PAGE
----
The Capitol Hill news conference inevitably led to questions about Rice, and the lawmakers made clear they would oppose her selection.
"We will do whatever is necessary to block the nomination that's within our power as far as Susan Rice is concerned," said McCain, the top GOP senator on the Armed Services Committee and Obama's presidential rival in 2008.
Graham, who said last weekend that he would oppose her nomination, said Rice "is so disconnected from reality that I don't trust her. And the reason I don't trust her is because I think she knew better, and if she didn't know better then she shouldn't be the voice of America. Somebody has got to be paying a price around this place."
Republican Sen. Jim Inhofe of Oklahoma, who is poised to replace McCain as the top Republican on Armed Services, said in a statement that Rice "would not be a fitting replacement at the State Department should Secretary Clinton step down."
"During her time as the U.S. ambassador to the United Nations, Rice has been the Obama administration's point person in pursuing liberal causes that threaten U.S. sovereignty," Inhofe said.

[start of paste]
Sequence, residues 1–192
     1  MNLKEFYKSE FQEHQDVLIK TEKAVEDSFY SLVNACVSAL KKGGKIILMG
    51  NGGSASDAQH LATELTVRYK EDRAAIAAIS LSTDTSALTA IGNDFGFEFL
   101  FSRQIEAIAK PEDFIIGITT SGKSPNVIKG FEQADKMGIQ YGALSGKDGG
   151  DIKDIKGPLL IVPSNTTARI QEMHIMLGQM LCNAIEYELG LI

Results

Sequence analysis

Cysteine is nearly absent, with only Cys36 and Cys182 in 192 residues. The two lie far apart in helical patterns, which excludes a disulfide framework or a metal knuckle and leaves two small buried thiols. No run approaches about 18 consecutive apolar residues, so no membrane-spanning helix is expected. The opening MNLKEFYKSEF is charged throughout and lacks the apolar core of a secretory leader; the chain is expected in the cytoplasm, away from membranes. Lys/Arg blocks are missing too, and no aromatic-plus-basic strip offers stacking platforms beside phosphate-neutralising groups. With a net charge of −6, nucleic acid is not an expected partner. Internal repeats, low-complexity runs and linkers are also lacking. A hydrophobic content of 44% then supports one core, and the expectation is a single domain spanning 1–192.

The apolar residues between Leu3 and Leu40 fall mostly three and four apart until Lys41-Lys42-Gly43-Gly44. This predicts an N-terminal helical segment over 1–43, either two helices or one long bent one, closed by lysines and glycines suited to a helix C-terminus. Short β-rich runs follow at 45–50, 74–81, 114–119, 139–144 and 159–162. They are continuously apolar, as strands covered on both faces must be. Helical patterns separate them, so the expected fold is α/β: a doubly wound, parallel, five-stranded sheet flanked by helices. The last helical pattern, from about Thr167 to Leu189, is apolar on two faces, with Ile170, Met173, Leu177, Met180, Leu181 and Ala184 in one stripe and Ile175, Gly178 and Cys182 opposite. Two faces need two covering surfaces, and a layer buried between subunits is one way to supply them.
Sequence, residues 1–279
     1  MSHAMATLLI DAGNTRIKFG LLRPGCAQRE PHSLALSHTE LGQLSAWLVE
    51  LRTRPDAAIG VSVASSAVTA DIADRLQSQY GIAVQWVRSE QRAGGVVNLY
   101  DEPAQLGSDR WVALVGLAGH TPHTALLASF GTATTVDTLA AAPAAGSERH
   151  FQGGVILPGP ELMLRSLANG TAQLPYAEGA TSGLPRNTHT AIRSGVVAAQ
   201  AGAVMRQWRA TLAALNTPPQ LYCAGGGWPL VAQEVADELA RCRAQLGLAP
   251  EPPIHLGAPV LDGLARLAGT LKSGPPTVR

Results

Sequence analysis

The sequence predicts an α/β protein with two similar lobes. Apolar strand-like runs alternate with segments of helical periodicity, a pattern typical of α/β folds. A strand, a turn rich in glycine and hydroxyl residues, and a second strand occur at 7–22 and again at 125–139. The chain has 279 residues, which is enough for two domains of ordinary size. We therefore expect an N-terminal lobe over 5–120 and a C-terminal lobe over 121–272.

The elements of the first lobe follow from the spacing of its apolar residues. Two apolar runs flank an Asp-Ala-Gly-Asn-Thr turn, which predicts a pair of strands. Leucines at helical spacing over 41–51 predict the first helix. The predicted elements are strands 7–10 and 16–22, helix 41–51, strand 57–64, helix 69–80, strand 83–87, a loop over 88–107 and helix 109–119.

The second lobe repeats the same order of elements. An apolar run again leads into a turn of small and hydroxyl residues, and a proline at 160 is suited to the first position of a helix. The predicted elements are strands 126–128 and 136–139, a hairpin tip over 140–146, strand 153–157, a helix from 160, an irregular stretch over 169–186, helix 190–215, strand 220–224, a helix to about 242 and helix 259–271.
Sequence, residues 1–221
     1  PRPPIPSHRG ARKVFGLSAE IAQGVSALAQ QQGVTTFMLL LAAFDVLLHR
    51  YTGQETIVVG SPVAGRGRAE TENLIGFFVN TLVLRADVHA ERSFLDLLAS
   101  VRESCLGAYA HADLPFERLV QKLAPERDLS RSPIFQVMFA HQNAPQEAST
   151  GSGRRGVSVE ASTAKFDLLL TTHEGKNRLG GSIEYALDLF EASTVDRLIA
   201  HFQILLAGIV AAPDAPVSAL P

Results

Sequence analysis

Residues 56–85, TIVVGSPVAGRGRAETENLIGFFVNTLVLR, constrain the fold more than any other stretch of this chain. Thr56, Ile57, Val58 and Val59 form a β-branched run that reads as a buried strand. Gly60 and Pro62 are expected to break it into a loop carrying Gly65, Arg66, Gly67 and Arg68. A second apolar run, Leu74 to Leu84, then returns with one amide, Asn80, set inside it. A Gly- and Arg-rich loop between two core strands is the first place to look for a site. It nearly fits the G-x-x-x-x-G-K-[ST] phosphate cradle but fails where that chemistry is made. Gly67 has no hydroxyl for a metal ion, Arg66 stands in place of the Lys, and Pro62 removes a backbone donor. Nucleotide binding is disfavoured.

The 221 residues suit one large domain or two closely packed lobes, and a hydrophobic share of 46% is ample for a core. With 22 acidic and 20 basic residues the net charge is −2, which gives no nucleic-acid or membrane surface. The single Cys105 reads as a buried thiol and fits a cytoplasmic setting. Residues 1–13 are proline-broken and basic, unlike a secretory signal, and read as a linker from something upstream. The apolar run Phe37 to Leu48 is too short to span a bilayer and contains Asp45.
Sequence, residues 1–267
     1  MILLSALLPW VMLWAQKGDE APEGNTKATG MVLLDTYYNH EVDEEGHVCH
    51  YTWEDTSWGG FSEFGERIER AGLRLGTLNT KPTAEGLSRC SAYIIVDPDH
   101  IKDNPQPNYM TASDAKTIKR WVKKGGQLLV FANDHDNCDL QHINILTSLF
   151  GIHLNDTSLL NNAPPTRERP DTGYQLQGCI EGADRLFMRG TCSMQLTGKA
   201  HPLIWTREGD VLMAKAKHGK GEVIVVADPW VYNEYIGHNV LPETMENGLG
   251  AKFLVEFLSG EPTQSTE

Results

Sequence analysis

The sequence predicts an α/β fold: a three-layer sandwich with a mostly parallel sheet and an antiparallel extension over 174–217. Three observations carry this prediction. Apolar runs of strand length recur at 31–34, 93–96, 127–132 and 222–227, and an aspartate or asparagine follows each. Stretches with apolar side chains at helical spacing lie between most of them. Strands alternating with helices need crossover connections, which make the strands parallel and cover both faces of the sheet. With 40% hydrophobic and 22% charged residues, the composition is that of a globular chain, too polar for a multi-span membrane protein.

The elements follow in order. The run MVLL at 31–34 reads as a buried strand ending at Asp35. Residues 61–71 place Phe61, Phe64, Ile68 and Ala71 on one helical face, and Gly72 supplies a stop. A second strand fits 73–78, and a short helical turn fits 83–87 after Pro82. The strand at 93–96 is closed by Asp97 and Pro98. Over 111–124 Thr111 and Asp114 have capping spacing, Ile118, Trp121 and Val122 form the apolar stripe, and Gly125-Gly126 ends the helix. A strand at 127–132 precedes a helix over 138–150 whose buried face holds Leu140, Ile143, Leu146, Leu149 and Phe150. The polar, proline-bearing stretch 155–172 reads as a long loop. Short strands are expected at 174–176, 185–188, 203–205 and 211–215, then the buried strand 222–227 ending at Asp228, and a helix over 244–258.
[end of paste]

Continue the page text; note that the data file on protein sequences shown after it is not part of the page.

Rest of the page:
More disconcerting for Rice's prospects was the unease expressed by Collins, who is also a member of the Armed Services panel and the top Republican on the Homeland Security committee.
"I would need to have clear answers from Ambassador Rice before I could support her for any position," Collins told reporters. "She has a lot of explaining to do. She has yet to come forward and explain why she gave the misleading information to the American public. And we don't have the answer to that yet. I would need the answers before I would be prepared to confirm her for any position."
Another name mentioned as a possible candidate for the top job at the State Department is Senate Foreign Relations Committee Chairman John Kerry, D-Mass., who has taken on envoy roles for the administration in Afghanistan and had been mentioned for the post when Obama was first elected.
Senior Senate aides and lawmakers have said Kerry would have no problem winning Senate confirmation and see him as a far better fit than Rice, who has had little contact with members of Congress. But the selection of Kerry would create an opening for the Senate seat in Massachusetts, and Republican Sen. Scott Brown, who lost re-election last week, would be a heavy favorite to win the seat.